They’re attacking unpatched QNAP NAS hardware.
If you have a QNAP network-attached storage drive, you need to go and patch it now. Earlier in March 2020, security researchers at Qihoo’s 360 Netlab identified a vulnerability in QNAP NAS devices under active exploitation.
Patch Your QNAP NAS
Attackers are attempting to take control of QNAP NAS hardware to install cryptocurrency mining malware, which mines cryptocurrency on behalf of the attacker.
The research team at 360 Netlab believes there are over 4 million vulnerable QNAP NAS devices online with over 950,000 unique IP addresses, all mapped using Qihoo’s Quake mapping system.
The vulnerability relates to two remote command execution vulnerabilities, CVE-2020-2506 and CVE-2020-2507, which, when exploited, allows the attacker to gain root privilege on the compromised NAS. Once an attacker has root access, they can do almost what they want on the machine.
Although the vulnerabilities are serious, the research team has not made its exploit proof-of-concept public nor released any technical details relating to the vulnerabilities, giving affected QNAP users time to patch their hardware.
We named the mining program UnityMiner, we noticed the attacker customized the program by hiding the mining process and the real CPU memory resource usage information, so when the QNAP users check the system usage via the WEB management interface, they cannot see the abnormal system behavior.
Any QNAP NAS device with firmware installed before August 2020 is currently vulnerable to the exploit, covering around 100 different versions of QNAP’s NAS firmware. The Qihoo 360 Netlab blog post details the crypto-mining malware in more detail, including every firmware version currently affected.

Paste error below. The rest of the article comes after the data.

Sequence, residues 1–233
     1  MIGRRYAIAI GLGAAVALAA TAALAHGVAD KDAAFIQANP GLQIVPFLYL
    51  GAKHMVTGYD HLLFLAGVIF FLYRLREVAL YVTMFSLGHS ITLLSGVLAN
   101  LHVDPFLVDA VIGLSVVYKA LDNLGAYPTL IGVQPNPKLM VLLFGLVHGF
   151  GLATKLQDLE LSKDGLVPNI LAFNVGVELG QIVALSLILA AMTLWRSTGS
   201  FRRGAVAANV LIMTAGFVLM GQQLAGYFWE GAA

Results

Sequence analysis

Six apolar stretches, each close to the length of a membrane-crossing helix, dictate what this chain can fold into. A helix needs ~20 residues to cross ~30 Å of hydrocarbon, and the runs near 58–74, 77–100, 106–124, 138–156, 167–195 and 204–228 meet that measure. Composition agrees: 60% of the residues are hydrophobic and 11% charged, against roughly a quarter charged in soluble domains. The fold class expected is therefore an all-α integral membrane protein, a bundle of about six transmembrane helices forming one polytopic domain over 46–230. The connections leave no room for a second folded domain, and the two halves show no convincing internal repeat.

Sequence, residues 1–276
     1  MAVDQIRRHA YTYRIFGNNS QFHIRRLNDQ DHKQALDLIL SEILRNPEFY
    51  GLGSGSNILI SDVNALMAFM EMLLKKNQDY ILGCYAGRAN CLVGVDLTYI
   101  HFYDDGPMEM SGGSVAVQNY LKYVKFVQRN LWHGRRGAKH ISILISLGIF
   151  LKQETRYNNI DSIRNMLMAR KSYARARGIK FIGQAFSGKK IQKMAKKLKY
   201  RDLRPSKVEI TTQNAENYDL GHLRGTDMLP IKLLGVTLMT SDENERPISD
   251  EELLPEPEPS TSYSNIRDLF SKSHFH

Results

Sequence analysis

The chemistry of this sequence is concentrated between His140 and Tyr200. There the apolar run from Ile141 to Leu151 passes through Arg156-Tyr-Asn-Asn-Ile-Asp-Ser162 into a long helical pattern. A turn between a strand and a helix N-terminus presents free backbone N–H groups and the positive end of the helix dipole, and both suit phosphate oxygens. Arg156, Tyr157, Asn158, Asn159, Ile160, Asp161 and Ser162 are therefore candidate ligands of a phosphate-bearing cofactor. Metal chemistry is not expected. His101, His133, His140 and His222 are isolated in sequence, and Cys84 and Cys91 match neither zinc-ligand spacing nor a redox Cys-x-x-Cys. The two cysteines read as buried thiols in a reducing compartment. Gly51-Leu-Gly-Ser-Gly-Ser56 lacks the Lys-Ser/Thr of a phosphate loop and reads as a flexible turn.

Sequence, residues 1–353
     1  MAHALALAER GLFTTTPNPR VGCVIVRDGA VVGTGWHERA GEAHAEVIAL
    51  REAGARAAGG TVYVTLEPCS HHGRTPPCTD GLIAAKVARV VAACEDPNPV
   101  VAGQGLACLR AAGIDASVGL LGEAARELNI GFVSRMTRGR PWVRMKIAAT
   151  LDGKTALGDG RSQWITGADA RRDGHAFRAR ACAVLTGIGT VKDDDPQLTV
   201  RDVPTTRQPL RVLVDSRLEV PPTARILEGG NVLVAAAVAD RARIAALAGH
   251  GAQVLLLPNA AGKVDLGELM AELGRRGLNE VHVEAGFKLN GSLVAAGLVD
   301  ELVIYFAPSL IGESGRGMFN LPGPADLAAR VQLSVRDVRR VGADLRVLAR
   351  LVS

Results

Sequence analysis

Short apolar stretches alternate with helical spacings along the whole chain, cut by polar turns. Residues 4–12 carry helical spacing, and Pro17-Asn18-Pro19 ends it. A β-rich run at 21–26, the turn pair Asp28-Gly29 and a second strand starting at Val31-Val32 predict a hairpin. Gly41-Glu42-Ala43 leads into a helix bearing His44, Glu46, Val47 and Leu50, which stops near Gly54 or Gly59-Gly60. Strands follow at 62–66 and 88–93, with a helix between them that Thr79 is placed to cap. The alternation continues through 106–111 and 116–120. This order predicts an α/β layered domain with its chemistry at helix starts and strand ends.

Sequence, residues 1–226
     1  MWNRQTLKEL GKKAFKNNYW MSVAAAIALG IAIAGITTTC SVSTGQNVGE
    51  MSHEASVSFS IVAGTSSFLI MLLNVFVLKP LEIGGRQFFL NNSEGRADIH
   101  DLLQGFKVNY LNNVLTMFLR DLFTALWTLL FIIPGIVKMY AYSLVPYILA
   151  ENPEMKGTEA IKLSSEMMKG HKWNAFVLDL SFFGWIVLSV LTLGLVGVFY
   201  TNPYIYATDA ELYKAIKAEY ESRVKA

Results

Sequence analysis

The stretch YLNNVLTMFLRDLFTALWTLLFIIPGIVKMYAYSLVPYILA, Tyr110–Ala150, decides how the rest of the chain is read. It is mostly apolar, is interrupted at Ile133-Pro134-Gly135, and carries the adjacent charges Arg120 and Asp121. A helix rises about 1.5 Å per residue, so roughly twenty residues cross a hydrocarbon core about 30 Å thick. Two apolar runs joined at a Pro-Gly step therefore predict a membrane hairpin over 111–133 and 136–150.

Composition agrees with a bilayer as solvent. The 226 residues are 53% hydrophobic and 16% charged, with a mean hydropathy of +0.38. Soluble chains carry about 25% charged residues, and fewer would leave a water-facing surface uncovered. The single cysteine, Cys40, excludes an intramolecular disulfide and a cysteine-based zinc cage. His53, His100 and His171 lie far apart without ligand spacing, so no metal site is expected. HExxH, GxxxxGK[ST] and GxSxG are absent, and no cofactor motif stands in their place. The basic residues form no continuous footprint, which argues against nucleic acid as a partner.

QNAP NAS users should head to the QNAP patch page, download the latest patches, and install them as soon as possible. While QNAP hasn’t yet made a direct response to Qihoo’s revelations regarding the vulnerability, this is the most recent patch available for the hardware.
QNAP NAS Boxes Previously Targeted
This isn’t the first time QNAP’s NAS hardware has been targeted.
In December 2020, QNAP issued a warning regarding two high-severity cross-site scripting bugs that allowed an attacker remote access. Before that, in September 2020, QNAP users were hit by the AgeLocker ransomware, which infected thousands of publicly exposed QNAP NAS devices.
Yet another ransomware variant also specifically targeted QNAP NAS devices, too, the big giveaway being the name: QNAPCrypt. That said, the QNAPCrypt ransomware also targeted other NAS providers, such as Synology, Seagate, and Netgear.
For the time being, QNAP users should head to the previously linked patch page and follow the instructions to protect online devices.
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